According to this New York Times article, Utah attorney general Sean D. Reyes and his staff have “been poring over Utah’s laws and other legal cases to determine how to treat” the same-sex couples who entered into supposed marriages between the time that federal district judge Robert J. Shelby issued his judgment invalidating Utah’s marriage laws and the Supreme Court’s January 6 order blocking Judge Shelby’s injunction from continuing in effect.
It’s unfortunate for those involved that Judge Shelby’s wildly irresponsible failure to stay his ruling in the first place created this situation. But those who entered into supposed marriages had ample reason to know that they were doing so under a cloud of uncertainty.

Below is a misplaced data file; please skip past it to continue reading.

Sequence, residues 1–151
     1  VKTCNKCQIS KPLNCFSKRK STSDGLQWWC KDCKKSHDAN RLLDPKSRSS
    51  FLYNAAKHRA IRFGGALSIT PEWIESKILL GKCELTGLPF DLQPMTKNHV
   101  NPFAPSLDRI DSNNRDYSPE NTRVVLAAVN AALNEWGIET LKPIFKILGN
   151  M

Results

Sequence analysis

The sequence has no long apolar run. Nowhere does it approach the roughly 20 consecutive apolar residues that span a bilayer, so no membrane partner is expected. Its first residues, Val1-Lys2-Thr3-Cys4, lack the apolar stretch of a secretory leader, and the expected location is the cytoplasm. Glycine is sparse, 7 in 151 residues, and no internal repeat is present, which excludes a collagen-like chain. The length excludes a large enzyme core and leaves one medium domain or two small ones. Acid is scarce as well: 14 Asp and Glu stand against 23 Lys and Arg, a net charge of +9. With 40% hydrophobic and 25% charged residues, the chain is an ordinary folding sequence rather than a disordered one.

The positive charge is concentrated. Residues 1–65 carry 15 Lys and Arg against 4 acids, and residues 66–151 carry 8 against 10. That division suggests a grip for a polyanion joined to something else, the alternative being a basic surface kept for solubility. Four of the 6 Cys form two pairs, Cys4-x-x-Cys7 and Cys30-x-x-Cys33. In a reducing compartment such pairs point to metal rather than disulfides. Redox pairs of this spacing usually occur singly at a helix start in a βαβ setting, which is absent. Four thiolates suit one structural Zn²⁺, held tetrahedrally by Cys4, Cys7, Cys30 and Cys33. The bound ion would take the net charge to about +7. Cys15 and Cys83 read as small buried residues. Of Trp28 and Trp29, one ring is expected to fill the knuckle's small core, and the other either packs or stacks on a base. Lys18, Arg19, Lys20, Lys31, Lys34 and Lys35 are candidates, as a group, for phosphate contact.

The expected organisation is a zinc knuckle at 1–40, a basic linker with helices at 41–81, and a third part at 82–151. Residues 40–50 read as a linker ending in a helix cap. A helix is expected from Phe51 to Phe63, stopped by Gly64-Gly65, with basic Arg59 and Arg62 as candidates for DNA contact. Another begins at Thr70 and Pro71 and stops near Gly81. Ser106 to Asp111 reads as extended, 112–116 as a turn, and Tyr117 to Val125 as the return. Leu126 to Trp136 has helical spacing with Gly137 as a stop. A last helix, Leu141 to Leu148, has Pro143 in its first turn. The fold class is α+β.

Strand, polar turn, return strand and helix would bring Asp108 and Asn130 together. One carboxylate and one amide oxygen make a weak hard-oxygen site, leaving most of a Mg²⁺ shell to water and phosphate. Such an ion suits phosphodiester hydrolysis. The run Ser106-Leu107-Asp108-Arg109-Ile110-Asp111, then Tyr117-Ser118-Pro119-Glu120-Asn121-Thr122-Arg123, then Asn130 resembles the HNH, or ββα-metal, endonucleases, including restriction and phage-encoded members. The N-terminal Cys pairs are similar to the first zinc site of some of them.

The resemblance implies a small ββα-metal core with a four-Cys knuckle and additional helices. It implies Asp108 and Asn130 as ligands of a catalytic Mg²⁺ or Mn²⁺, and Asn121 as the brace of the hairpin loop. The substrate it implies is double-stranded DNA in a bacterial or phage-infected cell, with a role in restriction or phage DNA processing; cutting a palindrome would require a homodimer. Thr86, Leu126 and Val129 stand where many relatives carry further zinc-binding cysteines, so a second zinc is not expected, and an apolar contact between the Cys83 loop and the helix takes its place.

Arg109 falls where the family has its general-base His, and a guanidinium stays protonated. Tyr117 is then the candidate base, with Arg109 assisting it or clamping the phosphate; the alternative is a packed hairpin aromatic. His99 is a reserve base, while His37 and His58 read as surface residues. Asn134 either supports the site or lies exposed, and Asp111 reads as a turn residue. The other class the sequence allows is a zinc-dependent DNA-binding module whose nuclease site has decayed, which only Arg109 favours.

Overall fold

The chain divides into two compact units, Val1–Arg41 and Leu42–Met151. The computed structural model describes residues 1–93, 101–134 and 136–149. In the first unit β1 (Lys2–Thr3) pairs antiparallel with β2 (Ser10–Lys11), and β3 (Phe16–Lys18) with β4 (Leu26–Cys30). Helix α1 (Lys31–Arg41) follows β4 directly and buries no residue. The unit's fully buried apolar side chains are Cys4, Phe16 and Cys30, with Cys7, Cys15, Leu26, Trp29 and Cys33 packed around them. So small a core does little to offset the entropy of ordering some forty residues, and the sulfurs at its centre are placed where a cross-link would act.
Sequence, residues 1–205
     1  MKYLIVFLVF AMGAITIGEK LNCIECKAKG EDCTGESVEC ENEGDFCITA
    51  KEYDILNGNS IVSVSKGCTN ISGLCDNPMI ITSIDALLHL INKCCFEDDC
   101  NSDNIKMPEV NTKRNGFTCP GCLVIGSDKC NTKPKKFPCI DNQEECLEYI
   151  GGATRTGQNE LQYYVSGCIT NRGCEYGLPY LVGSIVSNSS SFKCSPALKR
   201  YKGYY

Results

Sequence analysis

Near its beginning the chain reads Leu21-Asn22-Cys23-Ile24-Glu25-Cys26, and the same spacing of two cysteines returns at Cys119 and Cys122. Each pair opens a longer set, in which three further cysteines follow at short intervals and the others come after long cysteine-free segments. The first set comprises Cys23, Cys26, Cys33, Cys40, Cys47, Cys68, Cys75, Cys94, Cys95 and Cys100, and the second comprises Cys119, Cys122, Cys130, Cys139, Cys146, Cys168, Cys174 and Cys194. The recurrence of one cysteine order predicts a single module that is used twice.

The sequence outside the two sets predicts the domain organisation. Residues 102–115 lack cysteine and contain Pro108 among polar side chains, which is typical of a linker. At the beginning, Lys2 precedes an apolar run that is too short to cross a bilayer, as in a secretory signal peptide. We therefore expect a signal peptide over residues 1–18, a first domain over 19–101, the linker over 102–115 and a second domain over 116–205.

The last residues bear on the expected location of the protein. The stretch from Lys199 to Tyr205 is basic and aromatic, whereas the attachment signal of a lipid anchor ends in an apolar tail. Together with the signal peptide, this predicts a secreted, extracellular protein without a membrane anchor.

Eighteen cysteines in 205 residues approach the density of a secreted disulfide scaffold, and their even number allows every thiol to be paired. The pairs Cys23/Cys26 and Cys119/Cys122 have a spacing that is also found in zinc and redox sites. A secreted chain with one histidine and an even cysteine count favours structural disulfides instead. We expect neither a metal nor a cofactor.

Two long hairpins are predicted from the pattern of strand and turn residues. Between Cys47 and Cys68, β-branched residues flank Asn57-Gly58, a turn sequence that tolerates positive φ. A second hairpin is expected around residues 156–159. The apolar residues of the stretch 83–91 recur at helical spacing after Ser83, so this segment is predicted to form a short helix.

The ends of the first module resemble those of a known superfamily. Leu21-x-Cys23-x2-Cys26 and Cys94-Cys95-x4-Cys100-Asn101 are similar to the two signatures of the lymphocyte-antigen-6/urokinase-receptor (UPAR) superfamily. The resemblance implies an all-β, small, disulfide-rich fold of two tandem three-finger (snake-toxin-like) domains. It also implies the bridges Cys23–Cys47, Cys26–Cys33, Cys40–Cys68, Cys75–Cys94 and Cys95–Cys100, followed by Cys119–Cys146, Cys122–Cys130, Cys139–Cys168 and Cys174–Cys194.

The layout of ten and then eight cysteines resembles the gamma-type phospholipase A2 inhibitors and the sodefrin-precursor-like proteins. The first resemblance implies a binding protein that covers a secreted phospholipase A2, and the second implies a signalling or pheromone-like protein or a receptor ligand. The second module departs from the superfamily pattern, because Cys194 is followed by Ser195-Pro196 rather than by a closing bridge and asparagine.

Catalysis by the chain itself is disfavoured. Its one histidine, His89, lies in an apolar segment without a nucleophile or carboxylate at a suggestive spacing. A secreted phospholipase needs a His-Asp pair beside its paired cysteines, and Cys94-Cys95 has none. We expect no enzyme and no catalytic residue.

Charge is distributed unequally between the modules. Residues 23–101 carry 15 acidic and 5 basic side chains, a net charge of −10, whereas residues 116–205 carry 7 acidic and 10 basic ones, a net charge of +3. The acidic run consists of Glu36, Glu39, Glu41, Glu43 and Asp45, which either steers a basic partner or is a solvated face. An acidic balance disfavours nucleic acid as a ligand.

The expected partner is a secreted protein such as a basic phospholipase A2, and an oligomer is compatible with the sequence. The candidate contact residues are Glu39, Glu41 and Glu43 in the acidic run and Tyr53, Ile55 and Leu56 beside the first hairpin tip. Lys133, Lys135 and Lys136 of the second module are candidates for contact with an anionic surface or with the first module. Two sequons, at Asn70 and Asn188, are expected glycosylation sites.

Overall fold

In any event, the status of those supposed marriages under Utah law is easy to resolve: The Utah constitution provides that “Marriage consists only of the legal union between a man and a woman” and that “No other domestic union … may be recognized as a marriage.” Utah statutory law further provides that supposed marriages “between persons of the same sex” are “prohibited and declared void” and that it is state policy “to recognize as marriage only the legal union of a man and a woman.” These provisions, which Judge Shelby temporarily blocked from operating, are now fully back in effect. By their plain language, they require that state officials not give any effect or recognition to the supposed marriages that took place during that temporary blockage.